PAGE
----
The total number of registered voters involved in the rerun is 3, 498. According to available information though unconfirmed, about 340 voters were cumulatively accredited to vote in these affected units last Saturday. This is where the APC, which is possibly banking on canceling out the 353 votes by which Senator Ademola is leading, should be very concerned. Going by history and pattern of voter turnout, it is possible that not up to a half of the registered voters will turn out for the rerun election.
Assuming that about that figure or even more turns out, the votes will certainly be split. PDP can still get a majority of the votes cast. And if the APC gets a majority of the votes, will it be enough to cancel out the 353 votes of the PDP? The rerun election should be taken very seriously by Osun people who crave liberation from the tradition of mourning. Light beckons on them in the final determination of their collective destiny; so also is dancing.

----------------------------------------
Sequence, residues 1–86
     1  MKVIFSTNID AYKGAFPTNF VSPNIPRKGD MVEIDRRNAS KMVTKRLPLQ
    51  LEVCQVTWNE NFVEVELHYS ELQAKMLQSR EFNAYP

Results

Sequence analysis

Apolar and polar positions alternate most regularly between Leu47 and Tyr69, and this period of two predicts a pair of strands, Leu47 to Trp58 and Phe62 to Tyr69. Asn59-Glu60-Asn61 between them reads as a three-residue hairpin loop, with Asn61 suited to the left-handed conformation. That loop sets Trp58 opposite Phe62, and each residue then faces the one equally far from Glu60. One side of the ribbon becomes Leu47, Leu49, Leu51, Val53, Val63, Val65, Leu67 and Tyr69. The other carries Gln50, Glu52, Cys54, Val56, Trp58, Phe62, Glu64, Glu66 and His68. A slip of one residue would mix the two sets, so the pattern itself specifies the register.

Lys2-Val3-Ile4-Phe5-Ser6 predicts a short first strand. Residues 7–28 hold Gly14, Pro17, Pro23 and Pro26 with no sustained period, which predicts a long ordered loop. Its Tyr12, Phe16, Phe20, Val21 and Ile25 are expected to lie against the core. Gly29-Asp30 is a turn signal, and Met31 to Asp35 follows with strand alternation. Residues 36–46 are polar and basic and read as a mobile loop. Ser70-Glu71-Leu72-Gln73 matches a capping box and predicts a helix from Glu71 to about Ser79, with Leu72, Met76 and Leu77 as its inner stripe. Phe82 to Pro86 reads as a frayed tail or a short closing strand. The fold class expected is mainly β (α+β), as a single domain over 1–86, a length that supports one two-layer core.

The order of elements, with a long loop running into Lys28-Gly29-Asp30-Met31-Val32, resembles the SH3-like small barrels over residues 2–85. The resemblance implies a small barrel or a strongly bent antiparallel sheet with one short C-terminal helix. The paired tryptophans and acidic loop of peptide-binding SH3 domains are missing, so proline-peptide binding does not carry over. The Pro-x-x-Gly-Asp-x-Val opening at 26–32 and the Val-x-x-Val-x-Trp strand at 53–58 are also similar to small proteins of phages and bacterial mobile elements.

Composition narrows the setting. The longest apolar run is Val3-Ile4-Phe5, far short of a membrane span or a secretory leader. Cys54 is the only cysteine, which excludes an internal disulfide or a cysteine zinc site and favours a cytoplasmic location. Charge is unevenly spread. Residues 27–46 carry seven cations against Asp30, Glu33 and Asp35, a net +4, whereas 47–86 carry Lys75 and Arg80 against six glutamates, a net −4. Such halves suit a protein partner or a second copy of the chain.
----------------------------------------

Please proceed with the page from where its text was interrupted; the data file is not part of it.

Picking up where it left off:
Moving towards the rerun election, I will not be surprised if the PDP works on an alliance with Senator Iyiola Omisore of the Social Democratic Party, SDP, and other smaller parties that believe in the liberation of the state. The APC too is expected to make its moves to upstage the edge that the PDP currently enjoys in order to maintain the status quo, which it believes in.
Besides, on the day of the rerun election, I will not also be surprised to hear or read, if it is possible, that PDP leaders have volunteered as polling agents in the seven polling units so that the element of compromise is forestalled. APC could also do the same so that, overall, the exercise would be free and fair, with all the parties, especially the APC and the PDP, shunning desperation. It is expected that the INEC will maintain its neutrality by ensuring that votes cast by the electorate count.
Ojeifo, an Abuja-based journalist, writes via email@example.com